A4268 (Sponsored by M of A Hevesi / Senator Savino) — Relates to mandating training of direct care workers in adverse childhood experiences.

A4421B (Sponsored by M of A Zebrowski / Senator Skoufis) — Enacts “Harper’s Law” requiring tip restraint devices on certain furniture. 

A5841A (Sponsored by M of A Glick / Senator Salazar) – Continues to provide an opportunity to file an application under the loft laws, as well as to update existing provisions. In addition, this bill would establish a new application window to further encourage the filing of applications for coverage under the loft laws.

A6344A (Sponsored by M of A Gunther / Senator Carlucci) — Makes available information regarding the process for individuals to obtain eligibility for services offered by the office for people with developmental disabilities. 

S55 (Sponsored by Senator Hoylman / M of A Glick) — Requires the state liquor authority to make available to the public information pertaining to any conditions it imposes on a licensed premises. 

S1978A (Sponsored by Senator Addabbo / M of A Cymbrowitz) — Establishes the legislative task force on responsible gaming. 

S2960B (Sponsored by Senator Kaplan / M of A Rosenthal L) — Relates to adding a “School Bus Safety” awareness component to the pre-licensing driver’s education course

In the News – City

NYC Unveils Paid Personal Leave Legislation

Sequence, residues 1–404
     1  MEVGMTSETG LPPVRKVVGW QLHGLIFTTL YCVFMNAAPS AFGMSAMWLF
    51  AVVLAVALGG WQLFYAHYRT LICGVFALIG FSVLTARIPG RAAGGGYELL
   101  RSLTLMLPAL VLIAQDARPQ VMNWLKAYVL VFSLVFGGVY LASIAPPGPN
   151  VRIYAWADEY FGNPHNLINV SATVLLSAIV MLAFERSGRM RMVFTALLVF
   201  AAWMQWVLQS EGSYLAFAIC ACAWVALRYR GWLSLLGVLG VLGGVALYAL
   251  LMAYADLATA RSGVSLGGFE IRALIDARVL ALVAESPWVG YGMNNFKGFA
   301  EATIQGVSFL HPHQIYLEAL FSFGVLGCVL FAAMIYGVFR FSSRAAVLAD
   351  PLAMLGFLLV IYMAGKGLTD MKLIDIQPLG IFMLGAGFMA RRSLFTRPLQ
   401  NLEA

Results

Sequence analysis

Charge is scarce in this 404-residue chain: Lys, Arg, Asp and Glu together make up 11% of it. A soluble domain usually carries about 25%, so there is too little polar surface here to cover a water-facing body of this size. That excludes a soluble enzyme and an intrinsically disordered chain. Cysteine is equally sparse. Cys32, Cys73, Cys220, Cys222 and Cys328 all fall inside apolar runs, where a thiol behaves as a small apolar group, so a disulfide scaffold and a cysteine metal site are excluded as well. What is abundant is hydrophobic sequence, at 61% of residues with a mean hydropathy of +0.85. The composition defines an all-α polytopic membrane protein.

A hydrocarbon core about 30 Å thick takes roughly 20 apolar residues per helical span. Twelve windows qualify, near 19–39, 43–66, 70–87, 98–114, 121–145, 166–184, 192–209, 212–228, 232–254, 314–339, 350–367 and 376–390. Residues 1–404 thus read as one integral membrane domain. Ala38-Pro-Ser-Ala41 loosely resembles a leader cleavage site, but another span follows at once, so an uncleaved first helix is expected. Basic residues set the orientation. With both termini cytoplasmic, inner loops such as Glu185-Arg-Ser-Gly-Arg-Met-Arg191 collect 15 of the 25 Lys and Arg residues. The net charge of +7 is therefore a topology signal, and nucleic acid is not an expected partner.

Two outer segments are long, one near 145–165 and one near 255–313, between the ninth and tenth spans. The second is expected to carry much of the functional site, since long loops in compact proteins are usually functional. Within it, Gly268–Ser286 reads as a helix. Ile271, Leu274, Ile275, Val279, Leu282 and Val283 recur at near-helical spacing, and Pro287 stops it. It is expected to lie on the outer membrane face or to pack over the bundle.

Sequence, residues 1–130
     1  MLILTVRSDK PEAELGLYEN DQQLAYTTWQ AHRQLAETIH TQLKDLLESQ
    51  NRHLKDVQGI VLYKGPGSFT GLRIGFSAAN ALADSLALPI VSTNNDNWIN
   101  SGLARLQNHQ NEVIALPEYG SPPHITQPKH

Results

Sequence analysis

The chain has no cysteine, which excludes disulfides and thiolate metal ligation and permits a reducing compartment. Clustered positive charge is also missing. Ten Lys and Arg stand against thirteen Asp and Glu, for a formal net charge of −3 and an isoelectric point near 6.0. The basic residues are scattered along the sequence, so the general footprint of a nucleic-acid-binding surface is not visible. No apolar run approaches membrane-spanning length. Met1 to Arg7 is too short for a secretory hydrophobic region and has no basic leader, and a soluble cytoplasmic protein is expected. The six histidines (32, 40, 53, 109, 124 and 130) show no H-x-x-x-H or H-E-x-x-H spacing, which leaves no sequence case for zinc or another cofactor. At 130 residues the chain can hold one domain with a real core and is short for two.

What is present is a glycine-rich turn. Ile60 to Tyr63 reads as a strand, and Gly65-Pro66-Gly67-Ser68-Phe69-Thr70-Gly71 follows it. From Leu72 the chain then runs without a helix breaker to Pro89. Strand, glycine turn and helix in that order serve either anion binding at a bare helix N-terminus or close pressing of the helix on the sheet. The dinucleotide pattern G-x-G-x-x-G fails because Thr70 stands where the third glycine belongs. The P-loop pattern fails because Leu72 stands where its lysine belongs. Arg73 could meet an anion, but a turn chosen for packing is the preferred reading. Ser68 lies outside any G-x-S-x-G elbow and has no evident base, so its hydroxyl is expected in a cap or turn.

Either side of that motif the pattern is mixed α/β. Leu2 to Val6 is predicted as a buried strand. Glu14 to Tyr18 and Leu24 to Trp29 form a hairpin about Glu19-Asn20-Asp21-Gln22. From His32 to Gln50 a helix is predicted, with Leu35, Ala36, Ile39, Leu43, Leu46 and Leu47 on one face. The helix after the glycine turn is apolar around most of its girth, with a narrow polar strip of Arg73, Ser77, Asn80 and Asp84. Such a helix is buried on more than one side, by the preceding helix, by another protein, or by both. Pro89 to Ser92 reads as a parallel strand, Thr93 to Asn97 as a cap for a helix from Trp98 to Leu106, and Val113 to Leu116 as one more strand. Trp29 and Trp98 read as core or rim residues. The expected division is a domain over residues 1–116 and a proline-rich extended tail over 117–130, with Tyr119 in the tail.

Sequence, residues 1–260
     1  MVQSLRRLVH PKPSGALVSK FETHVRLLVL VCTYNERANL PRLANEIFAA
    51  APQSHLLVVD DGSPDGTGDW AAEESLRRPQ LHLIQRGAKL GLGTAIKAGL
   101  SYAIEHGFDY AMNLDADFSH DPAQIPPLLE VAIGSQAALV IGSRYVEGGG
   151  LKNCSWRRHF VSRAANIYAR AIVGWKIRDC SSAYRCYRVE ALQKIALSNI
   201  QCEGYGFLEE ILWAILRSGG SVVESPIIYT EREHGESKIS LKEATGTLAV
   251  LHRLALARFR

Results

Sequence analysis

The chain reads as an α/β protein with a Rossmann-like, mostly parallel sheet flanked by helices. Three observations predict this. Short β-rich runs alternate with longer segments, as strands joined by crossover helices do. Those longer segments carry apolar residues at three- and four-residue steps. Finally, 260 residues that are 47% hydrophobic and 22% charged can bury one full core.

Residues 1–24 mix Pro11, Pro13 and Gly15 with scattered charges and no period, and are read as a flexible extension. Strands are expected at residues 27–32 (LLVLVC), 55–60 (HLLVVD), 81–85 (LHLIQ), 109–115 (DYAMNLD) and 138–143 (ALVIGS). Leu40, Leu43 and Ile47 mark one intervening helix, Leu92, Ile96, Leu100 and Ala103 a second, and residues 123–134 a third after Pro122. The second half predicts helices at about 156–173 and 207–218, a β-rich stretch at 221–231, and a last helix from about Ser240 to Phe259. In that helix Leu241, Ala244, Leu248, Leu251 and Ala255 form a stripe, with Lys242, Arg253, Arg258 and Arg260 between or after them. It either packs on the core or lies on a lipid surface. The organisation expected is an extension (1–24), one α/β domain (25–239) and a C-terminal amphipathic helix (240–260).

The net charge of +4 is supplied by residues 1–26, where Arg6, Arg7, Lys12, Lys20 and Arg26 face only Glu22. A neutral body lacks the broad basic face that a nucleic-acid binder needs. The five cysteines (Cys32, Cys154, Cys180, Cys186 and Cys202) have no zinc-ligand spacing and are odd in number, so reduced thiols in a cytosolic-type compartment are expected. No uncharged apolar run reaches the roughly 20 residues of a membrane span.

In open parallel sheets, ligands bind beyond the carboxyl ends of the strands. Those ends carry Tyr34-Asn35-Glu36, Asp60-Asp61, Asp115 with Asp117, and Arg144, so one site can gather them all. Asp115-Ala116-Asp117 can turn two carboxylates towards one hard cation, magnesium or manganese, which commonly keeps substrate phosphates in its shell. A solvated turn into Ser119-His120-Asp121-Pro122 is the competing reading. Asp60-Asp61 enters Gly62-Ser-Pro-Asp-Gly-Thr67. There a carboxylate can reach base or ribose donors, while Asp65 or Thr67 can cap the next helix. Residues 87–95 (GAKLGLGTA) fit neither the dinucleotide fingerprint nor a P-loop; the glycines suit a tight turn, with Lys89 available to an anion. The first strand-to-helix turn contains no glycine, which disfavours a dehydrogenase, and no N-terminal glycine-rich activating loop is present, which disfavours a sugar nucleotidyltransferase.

NYC would be first city in nation to mandate paid personal time for workers 

Mayor Bill de Blasio, First Lady Chirlane McCray, Public Advocate Jumaane Williams, activist Gloria Steinem, and advocates this week rallied in support of Paid Personal Time legislation. An analysis by the City estimates 900,000 New Yorkers who currently lack a single day of paid personal time would benefit from the new policy. 

The legislation requires private employers with five or more employees or one or more domestic workers to offer 10 annual days of Paid Personal Time, allowing employees to take paid time off for any purpose, including religious observances, bereavement and time with family. 

According to Mayor de Blasio, research has shown that paid time off helps increase productivity, strengthens families, helps prevent burnout and improves employee retention. The United States is the only industrialized nation that does not mandate any paid time off, including paid holidays. Nationally, one in four full-time, middle-income workers gets no paid time off at all.

The updated estimate of nearly 1 million New Yorkers who would benefit from paid time off incorporates additional New York City-specific data from the Community Service Society’s (CSS) 2018 Unheard Third Survey. 

NYC Employees without Paid Personal Time, Based on CSS Rates of Access in NYC Applied to Total NYC Workforce, by Employer Size

Employer Size Employees % w/o 
Employees w/o Vacation
5 to 9 Employees ~240,000 ~50% ~120,000
10 to 19 Employees ~300,000 ~50% ~140,000
20 to 49 Employees ~450,000 ~30% ~130,000
50+ Employees ~2,600,000 ~20% ~520,000
5+ Employees (legislation universe) ~3,600,000 ~900,000

Figures may not add due to rounding.

The policy is expected to benefit New Yorkers in a wide range of industries including 180,000 workers in professional services, 90,000 in retail, and 200,000 in the hotel and food service sectors. The City already provides government employees with more than two weeks of Paid Personal Leave per year.